Internship pays off for Lake Oswego native who has new EP coming out, 'Higher Than The Hills.'

COURTESY PHOTO - Lake Oswego's Sarah Tromley has begun a music career in Los Angeles. Where will it take her?Internships do sometimes pay off, as Lake Oswego native and indie pop songstress Sarah Tromley found out upon visiting her sister on an extended stay in Los Angeles.

An opportunity came open at G.O.O.D. Music, the music label founded by Kanye West in 2004, on which he put out the album "Life of Pablo" while Tromley worked there. It was a go-fer job in many respects, as Tromley recalls making Fatburger runs at 2 a.m. and cleaning restrooms. But, she met people, and even visited with West himself "on occasion."

What came out of it was connections, including with one of West's partners, Che Pope. Fast-forward to today, and Tromley calls Los Angeles home, hobnobs with industry folks, and recieved help from Pope with an upcoming EP.

For the 26-year-old Tromley, who was embedded in Lake Oswego before wanting more, it's a good life in LA. She has a single (and video) called "Burnside," inspired by Portland's bridge and with the theme of getting over something, and she has made a sultry music video for another single, "Maybe."

It was 2016 when she took the internship at the G.O.O.D. Music North Hollywood studio that changed her life forever.

"I was down visiting my sister, and I went in for an interview at G.O.O.D. Music and got the job," said Tromley, a 2012 graduate of Lakeridge High School. "I took a flight home, brought my Toyota Corolla back to LA and never went back.

"I always knew I wanted to be in music. It was like the doors finally opened for me. My parents (Russell Jr. and Elizabeth) weren't thrilled with me leaving the nest, but I had to go out on my own … and get uncomfortable to grow. My whole family is from (Lake Oswego) and I never gave myself the space to grow as an artist. Moving to LA was what I had to do."

Making connections in LA and in the music business is paramount for singers, she said.

"Part of it is being at the right place at the right time," Tromley said. "There's no right way to do it, you just have to go for it. If it's meant to be, it's meant to be."

She's eight years removed from Lakeridge High. It seems like just yesterday, said Tromley, who has an older sister and younger brother. She says she wasn't part of the popular crowd in Lake Oswego. She performed in musical theater and choir, was admittedly "quirky," but "it's paid off now as I really have come into my own. I like to speak to people who don't fit in."

COURTESY PHOTO - Sarah Tromley's first EP is called 'Higher Than the Hills.'The single "Burnside" describes her life. It was filmed during the COVID-19 pandemic shutdown in Los Angeles — and "it symbolizes getting over something, and it's OK to lean into your vulnerabilities. It's OK to be different, be yourself. Portland grounded me a ton."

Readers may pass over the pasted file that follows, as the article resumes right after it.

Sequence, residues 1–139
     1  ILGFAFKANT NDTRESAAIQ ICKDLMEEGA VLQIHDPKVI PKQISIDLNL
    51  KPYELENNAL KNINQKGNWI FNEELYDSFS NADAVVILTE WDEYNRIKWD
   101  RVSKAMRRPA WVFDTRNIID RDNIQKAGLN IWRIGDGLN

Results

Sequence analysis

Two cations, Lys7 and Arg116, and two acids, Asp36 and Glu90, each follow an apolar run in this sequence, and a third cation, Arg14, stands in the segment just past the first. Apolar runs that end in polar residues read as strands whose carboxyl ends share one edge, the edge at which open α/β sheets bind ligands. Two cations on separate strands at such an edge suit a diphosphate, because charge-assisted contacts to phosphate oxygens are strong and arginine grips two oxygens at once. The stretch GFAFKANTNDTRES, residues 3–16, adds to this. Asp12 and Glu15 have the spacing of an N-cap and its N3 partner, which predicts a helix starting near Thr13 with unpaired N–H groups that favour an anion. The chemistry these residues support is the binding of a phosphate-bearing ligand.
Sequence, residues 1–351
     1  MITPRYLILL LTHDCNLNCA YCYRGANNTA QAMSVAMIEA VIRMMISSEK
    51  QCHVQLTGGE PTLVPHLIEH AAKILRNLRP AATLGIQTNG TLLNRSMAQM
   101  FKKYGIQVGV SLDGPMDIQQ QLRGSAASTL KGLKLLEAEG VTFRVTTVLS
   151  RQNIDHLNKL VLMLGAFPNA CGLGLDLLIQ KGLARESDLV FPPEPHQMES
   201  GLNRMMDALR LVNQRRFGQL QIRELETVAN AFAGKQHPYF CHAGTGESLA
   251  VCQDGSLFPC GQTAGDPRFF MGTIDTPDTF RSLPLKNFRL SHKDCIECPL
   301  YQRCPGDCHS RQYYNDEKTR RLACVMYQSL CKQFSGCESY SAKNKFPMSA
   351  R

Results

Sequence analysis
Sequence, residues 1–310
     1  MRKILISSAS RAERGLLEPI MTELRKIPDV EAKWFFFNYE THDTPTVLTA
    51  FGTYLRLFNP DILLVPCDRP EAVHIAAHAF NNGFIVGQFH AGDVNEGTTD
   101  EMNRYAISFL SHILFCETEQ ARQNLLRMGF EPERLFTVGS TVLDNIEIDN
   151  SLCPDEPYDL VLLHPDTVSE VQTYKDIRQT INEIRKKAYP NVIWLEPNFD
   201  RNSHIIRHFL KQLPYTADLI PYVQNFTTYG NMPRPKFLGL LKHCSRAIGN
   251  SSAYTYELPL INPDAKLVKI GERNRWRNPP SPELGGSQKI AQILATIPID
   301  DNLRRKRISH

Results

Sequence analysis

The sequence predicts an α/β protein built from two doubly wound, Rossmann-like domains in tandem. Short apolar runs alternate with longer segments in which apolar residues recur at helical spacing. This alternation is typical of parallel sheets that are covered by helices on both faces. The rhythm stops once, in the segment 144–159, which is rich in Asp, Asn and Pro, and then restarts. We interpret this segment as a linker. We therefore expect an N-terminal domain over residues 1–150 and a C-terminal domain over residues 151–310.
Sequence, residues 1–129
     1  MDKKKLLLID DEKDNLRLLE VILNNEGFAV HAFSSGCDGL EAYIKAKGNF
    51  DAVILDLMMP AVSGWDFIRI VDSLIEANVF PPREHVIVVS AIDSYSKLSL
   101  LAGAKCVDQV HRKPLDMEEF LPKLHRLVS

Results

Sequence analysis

Named "Higher Than the Hills," with a theme of self-discovery and signifying where she lives (the Hollywood Hills), the six-song EP is being done independently, and Tromley has been working on it since the beginning of the COVID-19 pandemic. It's engineered and produced by Vic Wainstein, who won a Grammy Award for work with Tyler, the Creator, and also worked with the late Mac Miller and Frank Ocean.

Wainstein, Tromley said, complimented her by saying that she, too, could win a Grammy someday.

"It's my baby, it's what I've put everything into," Tromley said of the EP.

She would like to go on tour, once musicians will be allowed to do so after COVID-19 and government restrictions are eased. Perhaps a digital concert could happen before the end of the year.

Tromley credits her father's early influence — playing KINK 101.9 FM all the time — for helping shape her. "I still listen to the KINK CDs he gave me," she said.

Fleetwood Mac, James Taylor and Carly Simon are some of her favorite musicians, as are Bon Iver and Summer Walker.

Tromley believes hard work and patience have led to some early success.

"There are so many hours you have to spend on something. It's risky because in the music industry, there is a lot of unknown," she said. "I'm thankful to all my mentors (such as Che Pope) to ask questions and get advice from.

"Especially with COVID, normally you want to put out an album and go on tour. But, you have to be creative, doing shows online and doing collaborations to reach more audiences. I'm thankful to my best friend, Eddie Watkins, for helping me with marketing and PR ideas." Watkins helped arrange a great write-up for her in LA Weekly.

"The more people hear about me, just being in the right place at the right time, you never know. … I've actually started my next album. Stay tuned," Tromley said.

For more on Tromley, visit her website,

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